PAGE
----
Becoming Orthodox: A Journey to the Ancient Christian Faith. By Peter E. Gillquist. Brentwood, TN: Wolgemuth & Hyatt, Publishers, Inc., 1989. 185 pp. Paper, $9.95.
Gillquist and a number of other former Campus Crusade leaders started churches and then a denomination called the Evangelical Orthodox Church. Later the whole denomination, some two thousand people spread throughout the U.S. and Canada, Joined the Antiochian Orthodox Church. This book tells that story.
Gillquist’s purpose in telling this story is clearly promotional. He wishes to draw evangelical Christians into the Antiochian Orthodox Church. He does this by attempting to prove that the only true church today is the Orthodox Church.
It is fascinating to see the reasoning Gillquist employs. Here are some of his arguments: (1) The only way to interpret the Scriptures properly is to listen to church tradition. Tradition interprets Scripture for us (pp. 76, 102). (2) The Reformation was misguided. Neither Roman Catholicism nor Protestantism is correct (pp. 60–61). (3) The Apostles taught orally things which were not placed in Scripture. Many of those teachings have been the source of true apostolic doctrine.
Note that these arguments eliminate the Scriptures as a basis for determining truth. Tradition interprets the Scriptures, not the other way around.
The author accepts and attempts to persuade evangelicals to accept a number of non-evangelical doctrines. These include: (1) Mary is the Mother of the Church (p. 115), the Mother of God (p. 112), and the Queen who sits at the side of Jesus Christ the King (p. 112). (2) Mary remained a virgin her whole life and had no children other than Jesus (pp. 116ff.). (3) Mary did not die. She was translated directly to heaven like Enoch and Elijah (p. 119). (4) Mary and all of the saints intercede before Christ for us (p. 112). (5) Mary can save us (pp. 120–21). (6) Baptism and the Lord’s Supper are sacraments; they are necessary for one to obtain and keep eternal life (pp. 49–50; 110). (7) Crossing oneself, that is, making the sign of the cross on the forehead and upper torso, is powerful, effective, and biblical (pp. 123–31). (8) To be a part of any church other than an Orthodox Church is to depart from the faith (p. 152). (9) Pastors are priests and should be called “Father” (pp. 97–106)—contra Matt 23:9.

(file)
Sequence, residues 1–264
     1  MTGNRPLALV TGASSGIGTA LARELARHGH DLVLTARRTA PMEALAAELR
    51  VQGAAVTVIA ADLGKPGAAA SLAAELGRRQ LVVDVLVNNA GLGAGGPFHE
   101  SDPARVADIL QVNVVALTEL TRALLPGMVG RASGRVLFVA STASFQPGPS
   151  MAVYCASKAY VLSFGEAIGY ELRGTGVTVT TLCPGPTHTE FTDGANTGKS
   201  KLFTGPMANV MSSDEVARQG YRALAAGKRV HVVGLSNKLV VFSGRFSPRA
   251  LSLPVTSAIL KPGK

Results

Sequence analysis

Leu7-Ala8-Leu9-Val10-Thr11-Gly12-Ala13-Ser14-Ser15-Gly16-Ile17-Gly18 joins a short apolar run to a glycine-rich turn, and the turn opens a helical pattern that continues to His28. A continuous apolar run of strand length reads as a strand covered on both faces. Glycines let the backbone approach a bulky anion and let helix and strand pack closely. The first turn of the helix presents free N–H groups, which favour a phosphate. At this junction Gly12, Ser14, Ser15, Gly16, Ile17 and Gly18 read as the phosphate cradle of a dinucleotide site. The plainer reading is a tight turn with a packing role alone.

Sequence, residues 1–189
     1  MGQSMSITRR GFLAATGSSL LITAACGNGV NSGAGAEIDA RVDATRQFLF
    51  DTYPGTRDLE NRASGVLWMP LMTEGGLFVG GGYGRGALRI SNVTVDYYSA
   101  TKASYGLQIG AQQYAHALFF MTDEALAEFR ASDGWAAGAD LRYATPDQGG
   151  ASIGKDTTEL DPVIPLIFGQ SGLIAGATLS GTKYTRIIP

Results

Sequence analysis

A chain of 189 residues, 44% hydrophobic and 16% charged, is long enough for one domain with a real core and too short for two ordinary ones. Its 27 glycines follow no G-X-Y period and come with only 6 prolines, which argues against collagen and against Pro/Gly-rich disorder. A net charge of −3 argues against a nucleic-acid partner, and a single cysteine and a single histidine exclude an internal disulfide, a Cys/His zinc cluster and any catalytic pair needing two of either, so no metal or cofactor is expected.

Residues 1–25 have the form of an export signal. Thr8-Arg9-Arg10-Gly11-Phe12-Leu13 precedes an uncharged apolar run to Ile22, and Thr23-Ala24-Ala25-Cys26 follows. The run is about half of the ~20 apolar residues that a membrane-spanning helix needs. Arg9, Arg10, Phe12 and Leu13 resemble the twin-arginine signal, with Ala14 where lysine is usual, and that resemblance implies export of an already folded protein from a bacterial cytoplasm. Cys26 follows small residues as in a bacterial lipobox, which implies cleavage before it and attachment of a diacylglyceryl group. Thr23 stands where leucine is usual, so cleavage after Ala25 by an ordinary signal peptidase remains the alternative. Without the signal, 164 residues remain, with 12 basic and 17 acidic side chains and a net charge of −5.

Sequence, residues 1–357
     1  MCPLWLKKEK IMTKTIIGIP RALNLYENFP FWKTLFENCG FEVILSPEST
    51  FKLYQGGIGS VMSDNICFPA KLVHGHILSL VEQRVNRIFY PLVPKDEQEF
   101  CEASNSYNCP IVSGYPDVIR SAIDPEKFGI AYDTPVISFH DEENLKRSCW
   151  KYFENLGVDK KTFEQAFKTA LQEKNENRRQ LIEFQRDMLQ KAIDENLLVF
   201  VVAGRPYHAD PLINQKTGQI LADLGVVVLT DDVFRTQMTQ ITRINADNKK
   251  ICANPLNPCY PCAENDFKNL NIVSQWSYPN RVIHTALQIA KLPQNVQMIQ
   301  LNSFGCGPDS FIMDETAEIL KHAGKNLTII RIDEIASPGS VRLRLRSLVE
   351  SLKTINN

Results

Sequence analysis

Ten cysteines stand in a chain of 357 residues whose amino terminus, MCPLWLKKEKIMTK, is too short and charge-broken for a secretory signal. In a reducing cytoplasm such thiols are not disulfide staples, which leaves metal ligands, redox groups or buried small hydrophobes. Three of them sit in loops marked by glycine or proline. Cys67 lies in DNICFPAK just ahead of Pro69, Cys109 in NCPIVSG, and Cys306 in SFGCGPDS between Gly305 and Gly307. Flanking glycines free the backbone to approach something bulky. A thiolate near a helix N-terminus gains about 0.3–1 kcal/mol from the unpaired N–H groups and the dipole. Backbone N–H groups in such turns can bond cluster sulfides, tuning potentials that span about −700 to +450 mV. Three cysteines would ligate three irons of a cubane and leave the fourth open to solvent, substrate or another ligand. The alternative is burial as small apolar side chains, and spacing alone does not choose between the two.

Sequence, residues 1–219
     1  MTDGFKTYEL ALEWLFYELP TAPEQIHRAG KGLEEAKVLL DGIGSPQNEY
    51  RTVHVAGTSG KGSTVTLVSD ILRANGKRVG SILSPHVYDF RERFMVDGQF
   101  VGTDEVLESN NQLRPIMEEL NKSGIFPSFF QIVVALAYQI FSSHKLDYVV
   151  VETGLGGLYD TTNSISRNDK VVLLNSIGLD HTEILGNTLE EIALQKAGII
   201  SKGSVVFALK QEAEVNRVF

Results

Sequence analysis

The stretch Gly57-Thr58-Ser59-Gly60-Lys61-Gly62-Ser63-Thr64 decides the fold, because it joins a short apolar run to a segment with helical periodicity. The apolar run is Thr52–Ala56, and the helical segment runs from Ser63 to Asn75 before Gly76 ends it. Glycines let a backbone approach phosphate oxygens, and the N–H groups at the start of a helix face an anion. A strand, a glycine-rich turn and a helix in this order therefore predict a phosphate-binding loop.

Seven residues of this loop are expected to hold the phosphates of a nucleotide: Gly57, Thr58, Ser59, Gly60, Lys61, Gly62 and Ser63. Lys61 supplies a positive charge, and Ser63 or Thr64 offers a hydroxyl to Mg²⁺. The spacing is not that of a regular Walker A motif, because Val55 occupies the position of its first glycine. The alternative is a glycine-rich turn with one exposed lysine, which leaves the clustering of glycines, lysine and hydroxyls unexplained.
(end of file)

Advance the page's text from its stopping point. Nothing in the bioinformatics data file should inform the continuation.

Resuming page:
Most grievous of all is the author’s view of the Gospel. He argues that one is saved-at least initially-by committing his or her life fully to Christ (pp. 12, 23, 24, 109) and by submitting to water baptism (pp. 49, 110). To maintain this salvation one must regularly partake of the Eucharist, or Lord’s Supper (pp. 49–50). Only once in the entire book is faith in Christ maintained as a condition of salvation (p. 120). Where faith in Christ fits in is never made clear. Evidently to be saved and stay saved one must commit his life to Christ, believe in Christ, be baptized, and then regularly partake of communion. Assurance of salvation is never discussed in the book-probably because under such a system there can be no assurance—contra 1 John 5:13.
My mother is 100% Serbian. I was christened as a baby by a Serbian Orthodox priest. I have been in Serbian Orthodox Churches on many occasions. I have been to many Saint’s Day (Slava) celebrations. I even attended a Serbian Orthodox summer camp and served as an altar boy. While there is a special place in my heart for Orthodox people, I know that most people in the Orthodox Churches, like most in the Roman Catholic Church, are not trusting in Christ alone for salvation and hence are unsaved. My heart’s desire for them is that they would come to simple faith in Christ alone-not faith in Christ plus commitment, baptism, the Lord’s Supper, good works, etc.
I would recommend this book highly to, all who are engaged actively in Christian ministry: pastors, educators, deacons, elders, Sunday School teachers, youth workers, etc. Reading this look will help you understand the mindset of people from the Orthodox Church-and, to a large extent, people from the Roman Catholic Church, since they are in agreement on most of what they believe.
Unless discussed with a mature, Bible-taught believer, I do not recommend this book for new or untaught Christians.
Like the author, this reviewer used to be on the staff of Campus Crusade. Unlike the author, I have been traveling in the opposite direction: whereas Gillquist started out as a Protestant and has ended up an Orthodox priest, I was christened into the Orthodox Church and am now happy to be the Executive Director of an evangelical Protestant ministry and an elder in a local church.
Robert N. Wilkin
Journal of the Grace Evangelical
Society Roanoke, TX